The 1st Battalion Royal Scots sailed as corps troops, and when Sir William F Gatacre's division was taken to Natal, the Royal Scots, along with the 2nd Northumberland Fusiliers, 2nd Royal Irish Rifles, and part of the Berkshire Regiment, were put under his command in the Queenstown district. General Gatacre was never strong enough to do anything effective, and his attempt at Stormberg (see 2nd Northumberland Fusiliers) ended in one of the most severe defeats received by the British during the war. The Royal Scots were not actually engaged that day. Part of the battalion held the detraining-point at Molteno Station, and it has been suggested that they should have been allowed to go out to the assistance of their sorely-pressed comrades in their retreat. It is to the credit of the Royal Scots that they did ask leave to go out.
At Cyphergat on 3rd January, and subsequently at various times in the Molteno-Dordrecht district, the Royal Scots saw some fighting, and thus got invaluable training for heavier work. After the occupation of Bloemfontein the IIIrd Division had another mishap at Reddersburg, when 500 of the Royal Irish Rifles were cut off and surrendered after a stand which cannot be characterised as heroic. The general had then to demit his office, and the division, such as it was, passed to General Chermside. When Wepener was besieged the garrison included the Mounted Infantry company of the Royal Scots, which had been doing good work under General Brabant; and among the relieving forces were the IIIrd Division, which included the 1st Royal Scots. The battalion was in action about Wakkerstroom, in the Dewetsdorp neighbourhood (22nd and 24th April 1900), but this was the only fighting they were to see for a long time. Wepener was relieved on the 24th April 1900, after a defence which is one of the brightest pieces of work in the history of the campaign. After the relief of Wepener the battalion marched there, and for some months remained in the south-east of the Orange River Colony. Pretoria had been long occupied, and the IIIrd Division was still in the colony; but when the final advance eastwards from Pretoria was begun the Royal Scots were given a place.
On 25th August 1900 the battalion, about 1250 strong, was concentrated at Belfast. They arrived in time to be of some assistance in the fighting which preceded the battle of Bergendal on the 27th (see 2nd Rifle Brigade).
When General Buller found the way to Lydenburg too difficult, a force under General Ian Hamilton, which included an infantry brigade under Smith-Dorrien, was ordered to march northwards from the railway on Buller's left flank, and so turn the worst positions.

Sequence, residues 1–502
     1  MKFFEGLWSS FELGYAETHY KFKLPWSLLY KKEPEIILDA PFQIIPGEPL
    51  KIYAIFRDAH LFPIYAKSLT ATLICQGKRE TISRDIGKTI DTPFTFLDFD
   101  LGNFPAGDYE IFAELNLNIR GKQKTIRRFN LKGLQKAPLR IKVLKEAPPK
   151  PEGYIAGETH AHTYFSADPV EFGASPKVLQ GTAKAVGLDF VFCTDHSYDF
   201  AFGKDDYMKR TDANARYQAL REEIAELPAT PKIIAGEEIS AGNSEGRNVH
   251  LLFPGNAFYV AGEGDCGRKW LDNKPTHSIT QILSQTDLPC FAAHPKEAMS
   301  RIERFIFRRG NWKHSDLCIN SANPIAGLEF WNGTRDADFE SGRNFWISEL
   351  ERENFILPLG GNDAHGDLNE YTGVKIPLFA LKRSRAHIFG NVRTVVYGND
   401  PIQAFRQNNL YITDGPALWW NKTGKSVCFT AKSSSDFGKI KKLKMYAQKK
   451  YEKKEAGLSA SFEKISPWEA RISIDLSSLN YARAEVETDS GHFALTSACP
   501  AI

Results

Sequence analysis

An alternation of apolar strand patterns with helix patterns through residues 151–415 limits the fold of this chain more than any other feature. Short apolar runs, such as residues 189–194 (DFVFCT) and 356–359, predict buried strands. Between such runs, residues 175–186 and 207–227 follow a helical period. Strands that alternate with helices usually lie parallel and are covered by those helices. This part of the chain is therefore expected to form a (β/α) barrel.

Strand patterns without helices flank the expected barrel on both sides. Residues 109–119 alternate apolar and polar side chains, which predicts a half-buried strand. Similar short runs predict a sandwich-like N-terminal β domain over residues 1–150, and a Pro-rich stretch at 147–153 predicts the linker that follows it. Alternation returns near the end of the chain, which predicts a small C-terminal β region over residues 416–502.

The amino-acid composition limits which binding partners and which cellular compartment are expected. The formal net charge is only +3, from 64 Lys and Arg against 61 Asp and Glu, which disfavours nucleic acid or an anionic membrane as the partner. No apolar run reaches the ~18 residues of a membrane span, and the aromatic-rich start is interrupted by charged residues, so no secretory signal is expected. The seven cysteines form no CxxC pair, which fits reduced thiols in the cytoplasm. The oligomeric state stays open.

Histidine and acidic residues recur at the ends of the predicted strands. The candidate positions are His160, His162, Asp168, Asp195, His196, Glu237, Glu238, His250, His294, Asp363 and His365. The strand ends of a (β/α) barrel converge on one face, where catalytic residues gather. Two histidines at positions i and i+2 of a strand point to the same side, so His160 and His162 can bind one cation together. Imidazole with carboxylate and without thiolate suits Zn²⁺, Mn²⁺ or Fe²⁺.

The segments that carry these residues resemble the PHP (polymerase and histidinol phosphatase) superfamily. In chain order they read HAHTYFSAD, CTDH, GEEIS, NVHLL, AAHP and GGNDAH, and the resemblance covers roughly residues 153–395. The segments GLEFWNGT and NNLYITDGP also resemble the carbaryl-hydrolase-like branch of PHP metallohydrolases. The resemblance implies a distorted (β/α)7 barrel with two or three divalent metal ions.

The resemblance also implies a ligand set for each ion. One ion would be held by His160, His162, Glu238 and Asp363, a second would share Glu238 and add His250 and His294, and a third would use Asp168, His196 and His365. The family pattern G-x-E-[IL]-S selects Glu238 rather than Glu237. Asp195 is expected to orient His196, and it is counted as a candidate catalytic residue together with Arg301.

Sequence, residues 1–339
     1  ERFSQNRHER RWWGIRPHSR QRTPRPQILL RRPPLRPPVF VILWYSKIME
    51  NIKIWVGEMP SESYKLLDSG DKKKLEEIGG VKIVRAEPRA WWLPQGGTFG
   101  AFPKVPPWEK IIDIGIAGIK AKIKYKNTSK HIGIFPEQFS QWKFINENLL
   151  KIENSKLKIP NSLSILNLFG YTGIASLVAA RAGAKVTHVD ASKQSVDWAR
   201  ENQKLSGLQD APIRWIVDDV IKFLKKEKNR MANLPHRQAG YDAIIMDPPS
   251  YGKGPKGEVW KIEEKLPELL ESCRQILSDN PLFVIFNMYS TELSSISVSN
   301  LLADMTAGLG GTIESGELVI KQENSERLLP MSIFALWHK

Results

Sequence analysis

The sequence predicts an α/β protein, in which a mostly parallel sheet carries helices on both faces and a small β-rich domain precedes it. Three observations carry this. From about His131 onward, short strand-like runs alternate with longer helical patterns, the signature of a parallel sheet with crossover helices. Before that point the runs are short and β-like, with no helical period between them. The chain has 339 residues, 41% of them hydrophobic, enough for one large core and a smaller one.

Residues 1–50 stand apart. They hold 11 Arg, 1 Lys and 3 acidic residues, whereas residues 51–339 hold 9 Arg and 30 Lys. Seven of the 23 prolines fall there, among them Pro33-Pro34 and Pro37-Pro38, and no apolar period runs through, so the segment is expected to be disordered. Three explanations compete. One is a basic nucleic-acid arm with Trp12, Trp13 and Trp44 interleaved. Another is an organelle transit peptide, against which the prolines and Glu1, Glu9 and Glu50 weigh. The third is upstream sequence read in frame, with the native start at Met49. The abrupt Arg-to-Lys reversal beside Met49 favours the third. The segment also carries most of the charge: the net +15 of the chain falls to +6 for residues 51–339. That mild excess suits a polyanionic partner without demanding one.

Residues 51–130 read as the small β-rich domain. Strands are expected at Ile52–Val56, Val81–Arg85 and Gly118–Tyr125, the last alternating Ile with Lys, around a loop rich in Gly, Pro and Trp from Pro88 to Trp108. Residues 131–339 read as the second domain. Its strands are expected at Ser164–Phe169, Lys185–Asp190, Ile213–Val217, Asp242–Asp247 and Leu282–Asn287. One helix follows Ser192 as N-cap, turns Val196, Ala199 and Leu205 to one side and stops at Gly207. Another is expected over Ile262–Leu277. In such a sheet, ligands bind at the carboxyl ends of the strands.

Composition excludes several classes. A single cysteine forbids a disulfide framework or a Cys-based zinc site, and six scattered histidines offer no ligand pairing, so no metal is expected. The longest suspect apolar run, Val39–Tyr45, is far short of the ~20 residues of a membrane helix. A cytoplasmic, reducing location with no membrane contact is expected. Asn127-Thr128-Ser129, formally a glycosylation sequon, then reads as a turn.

The infantry brigade was made up of the Royal Scots, 1st Royal Irish Regiment, and 1st Gordons of Dargai and Florida fame.
On 3rd September the force commenced its northward march through very mountainous country. The enemy had to be cleared from a strong position, and this was done. On the evening of the 5th the Royal Scots were selected to seize during the night the mountain called Zwaggershoch, five miles from the bivouac. The task was successfully accomplished, and this gave Ian Hamilton control of an important pass and enabled him to help General Buller. On the 8th September the forces of Buller and Hamilton attacked the enemy's main position near Lydenburg. The Royal Scots did well, and won the praises of the generals.
On the 9th Ian Hamilton's force started on the return journey to Belfast; thence they marched to Koomati Poort over many lofty mountains. Koomati Poort was reached at 10.30 pm on 24th September, and at that place and Barberton the Royal Scots remained some time.
Thirteen officers and 16 non-commissioned officers and men were mentioned in Lord Roberts' final despatch.
From the autumn of 1900 to the close of the war the battalion operated in the Eastern Transvaal, some portion generally doing garrison work and some companies trekking. During part of 1901 Colonel Douglas had command of a column which included 700 men of the Royal Scots. The column operated in the neighbourhood of the Delagoa line. On 16th May 1901 the Boers were found to be holding a strong position at Bermondsey which had to be taken. Their flanks were protected by precipices, but a company of the Royal Scots with great difficulty eventually got round the Boer right, and the position was then captured.
Early in 1902 some companies were with Colonel Park in a column which made some useful captures. At the close of the campaign the battalion was doing garrison work about Balmoral and Middelburg.
If in the earlier stages of the war this fine old regiment did not get much chance to distinguish itself, it is at least satisfactory to know that for over two years it did good, if not very showy, work, making no mistakes, and keeping out of all 'regrettable incidents'. At Lydenburg and Bermondsey the officers and men engaged showed that the regiment is worthy of its past.
In Lord Kitchener's despatch of 8th July 1901, 3 officers and 4 men were commended for gallantry at Bermondsey, Lieutenant Price being recommended for the VC. Several other mentions were gained by the regiment during the latter phase of the war; some of these went to the Mounted Infantry companies, which continued to do fine work throughout. In Lord Kitchener's final despatch 4 officers and 6 non-commissioned officers and men were mentioned.
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